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Ida Bengtson, Ph.D., was the first female Ph.D. to be employed as a scientist at the Public Health Service’s Hygienic Laboratory, later known as the National Institutes of Health. Dr. Bengtson’s parents were Swedish immigrants to Harvard, Nebraska. She graduated from the University of Nebraska in 1903, earning her degree in mathematics and languages. After being employed as a cataloguer at the U.S. Geological Survey library, Dr. Bengtson heeded the advice of a friend and went back to school for an M.S. and Ph.D. in bacteriology—the cutting edge of science at the time—from the University of Chicago.

Hired by Hygienic Laboratory director Dr. George McCoy in 1916, Dr. Bengtson made a breakthrough discovery in 1917, linking an outbreak of tetanus to contaminated vaccine scarifiers.  Bengtson had many triumphs other in her career, including proving that an infantile paralysis was caused by a new variety of botulism, Clostridium botulinum (type C); aiding the development of the typhus vaccine; and developing the complement fixation test still in use for the detection and differentiation of rickettsial diseases such as endemic and epidemic typhus, Rocky Mountain spotted fever, and Q fever.  In her research, Dr. Bengston contracted typhus herself. Internationally recognized for her pioneering work, Dr. Bengston paved the way for the women scientists at the NIH today.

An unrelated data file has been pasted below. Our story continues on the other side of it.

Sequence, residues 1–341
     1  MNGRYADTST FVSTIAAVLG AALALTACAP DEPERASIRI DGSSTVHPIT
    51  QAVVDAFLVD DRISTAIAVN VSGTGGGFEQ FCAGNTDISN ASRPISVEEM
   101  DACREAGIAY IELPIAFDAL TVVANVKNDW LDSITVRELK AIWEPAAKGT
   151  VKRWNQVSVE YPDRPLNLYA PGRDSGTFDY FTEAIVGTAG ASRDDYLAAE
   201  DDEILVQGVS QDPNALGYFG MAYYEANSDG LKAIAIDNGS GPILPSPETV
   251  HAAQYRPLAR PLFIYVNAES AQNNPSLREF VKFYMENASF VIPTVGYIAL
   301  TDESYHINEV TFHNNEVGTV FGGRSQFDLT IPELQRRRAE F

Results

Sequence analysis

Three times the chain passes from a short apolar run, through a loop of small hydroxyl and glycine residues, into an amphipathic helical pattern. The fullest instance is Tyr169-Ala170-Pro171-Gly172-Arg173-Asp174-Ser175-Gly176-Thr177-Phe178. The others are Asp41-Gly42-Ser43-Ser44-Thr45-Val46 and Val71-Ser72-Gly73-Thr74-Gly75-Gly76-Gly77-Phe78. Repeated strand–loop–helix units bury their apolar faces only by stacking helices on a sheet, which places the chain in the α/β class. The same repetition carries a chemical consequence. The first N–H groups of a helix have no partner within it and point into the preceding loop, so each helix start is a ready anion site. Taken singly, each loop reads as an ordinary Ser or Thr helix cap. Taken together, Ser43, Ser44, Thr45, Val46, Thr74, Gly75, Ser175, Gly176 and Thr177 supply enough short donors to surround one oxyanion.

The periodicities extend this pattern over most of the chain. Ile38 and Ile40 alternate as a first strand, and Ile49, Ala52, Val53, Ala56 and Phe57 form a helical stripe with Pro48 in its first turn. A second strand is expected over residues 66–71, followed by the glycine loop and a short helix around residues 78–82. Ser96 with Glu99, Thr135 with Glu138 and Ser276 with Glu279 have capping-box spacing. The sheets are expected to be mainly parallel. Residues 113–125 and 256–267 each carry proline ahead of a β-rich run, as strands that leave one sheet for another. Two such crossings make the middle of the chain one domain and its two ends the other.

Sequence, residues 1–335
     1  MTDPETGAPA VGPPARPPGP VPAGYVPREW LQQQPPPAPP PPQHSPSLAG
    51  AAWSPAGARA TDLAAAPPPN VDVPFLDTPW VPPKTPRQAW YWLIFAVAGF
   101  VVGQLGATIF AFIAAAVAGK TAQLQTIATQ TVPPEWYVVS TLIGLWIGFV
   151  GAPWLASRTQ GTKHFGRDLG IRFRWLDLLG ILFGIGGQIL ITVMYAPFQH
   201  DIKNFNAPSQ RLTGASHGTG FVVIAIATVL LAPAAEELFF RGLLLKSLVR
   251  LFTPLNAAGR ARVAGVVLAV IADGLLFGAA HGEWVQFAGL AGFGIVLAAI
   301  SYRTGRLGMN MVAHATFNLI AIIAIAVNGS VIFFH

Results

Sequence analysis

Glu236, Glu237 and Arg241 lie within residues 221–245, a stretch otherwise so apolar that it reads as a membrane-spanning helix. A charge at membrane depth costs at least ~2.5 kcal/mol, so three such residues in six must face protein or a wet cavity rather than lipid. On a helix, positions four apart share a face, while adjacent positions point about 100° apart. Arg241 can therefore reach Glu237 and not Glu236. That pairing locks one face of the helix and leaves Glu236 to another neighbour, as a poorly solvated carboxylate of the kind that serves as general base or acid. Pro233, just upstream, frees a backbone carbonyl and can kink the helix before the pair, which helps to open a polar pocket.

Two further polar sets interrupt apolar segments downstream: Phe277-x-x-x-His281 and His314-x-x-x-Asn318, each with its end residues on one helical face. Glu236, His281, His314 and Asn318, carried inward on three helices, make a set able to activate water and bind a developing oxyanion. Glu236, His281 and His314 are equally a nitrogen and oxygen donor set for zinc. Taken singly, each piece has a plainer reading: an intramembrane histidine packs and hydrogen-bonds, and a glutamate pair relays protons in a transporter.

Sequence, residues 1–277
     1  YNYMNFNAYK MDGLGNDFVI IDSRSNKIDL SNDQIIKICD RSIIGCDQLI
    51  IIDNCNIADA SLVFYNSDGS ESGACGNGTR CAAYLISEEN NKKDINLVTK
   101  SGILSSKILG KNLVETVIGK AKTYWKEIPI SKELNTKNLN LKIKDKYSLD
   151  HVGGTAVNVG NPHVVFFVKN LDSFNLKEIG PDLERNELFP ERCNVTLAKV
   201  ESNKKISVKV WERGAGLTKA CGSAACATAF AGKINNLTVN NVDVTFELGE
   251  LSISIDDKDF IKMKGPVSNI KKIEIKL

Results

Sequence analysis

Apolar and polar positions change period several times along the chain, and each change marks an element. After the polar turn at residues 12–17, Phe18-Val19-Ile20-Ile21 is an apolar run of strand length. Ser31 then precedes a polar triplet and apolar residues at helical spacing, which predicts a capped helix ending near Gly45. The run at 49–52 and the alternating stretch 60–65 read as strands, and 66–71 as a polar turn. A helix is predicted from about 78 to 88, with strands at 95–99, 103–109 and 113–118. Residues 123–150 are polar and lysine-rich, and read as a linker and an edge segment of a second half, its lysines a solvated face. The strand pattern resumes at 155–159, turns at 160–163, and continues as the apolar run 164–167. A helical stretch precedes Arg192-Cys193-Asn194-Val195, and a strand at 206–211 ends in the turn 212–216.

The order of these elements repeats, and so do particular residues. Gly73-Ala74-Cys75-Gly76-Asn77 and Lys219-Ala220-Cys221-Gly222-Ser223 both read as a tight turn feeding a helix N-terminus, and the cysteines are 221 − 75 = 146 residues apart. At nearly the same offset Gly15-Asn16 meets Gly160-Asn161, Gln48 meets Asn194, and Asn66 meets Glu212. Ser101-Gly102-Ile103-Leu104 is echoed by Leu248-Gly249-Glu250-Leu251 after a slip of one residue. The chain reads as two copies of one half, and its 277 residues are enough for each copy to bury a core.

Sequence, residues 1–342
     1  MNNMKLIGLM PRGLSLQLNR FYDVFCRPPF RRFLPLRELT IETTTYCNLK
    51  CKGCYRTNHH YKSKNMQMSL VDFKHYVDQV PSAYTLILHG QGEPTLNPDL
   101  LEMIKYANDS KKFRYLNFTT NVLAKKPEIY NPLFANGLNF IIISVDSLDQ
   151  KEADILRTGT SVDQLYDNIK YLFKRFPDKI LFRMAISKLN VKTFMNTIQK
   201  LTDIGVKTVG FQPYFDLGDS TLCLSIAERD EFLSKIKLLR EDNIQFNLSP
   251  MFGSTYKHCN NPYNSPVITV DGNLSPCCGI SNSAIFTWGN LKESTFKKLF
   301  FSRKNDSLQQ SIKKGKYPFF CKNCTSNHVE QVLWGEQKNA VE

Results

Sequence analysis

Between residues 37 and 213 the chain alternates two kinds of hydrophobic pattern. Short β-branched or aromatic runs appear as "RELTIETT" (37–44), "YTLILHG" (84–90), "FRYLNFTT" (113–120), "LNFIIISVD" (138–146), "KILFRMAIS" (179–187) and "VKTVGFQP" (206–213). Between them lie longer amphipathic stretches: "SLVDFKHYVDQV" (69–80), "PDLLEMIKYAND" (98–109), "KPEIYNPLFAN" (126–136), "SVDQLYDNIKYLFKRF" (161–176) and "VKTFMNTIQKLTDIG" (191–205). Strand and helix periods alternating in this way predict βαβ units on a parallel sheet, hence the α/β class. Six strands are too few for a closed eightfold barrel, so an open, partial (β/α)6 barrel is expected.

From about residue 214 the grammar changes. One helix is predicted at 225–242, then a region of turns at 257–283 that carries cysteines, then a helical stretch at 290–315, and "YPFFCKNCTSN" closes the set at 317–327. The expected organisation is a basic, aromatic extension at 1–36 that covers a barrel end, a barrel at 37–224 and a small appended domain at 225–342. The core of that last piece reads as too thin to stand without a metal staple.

Dr. Bengtson also is included on our Early Women Scientists at NIH page.

Photo credit: Courtesy of the Office of NIH History and Stetten Museum


photo of Bengtson

Dr. Ida A. Bengston



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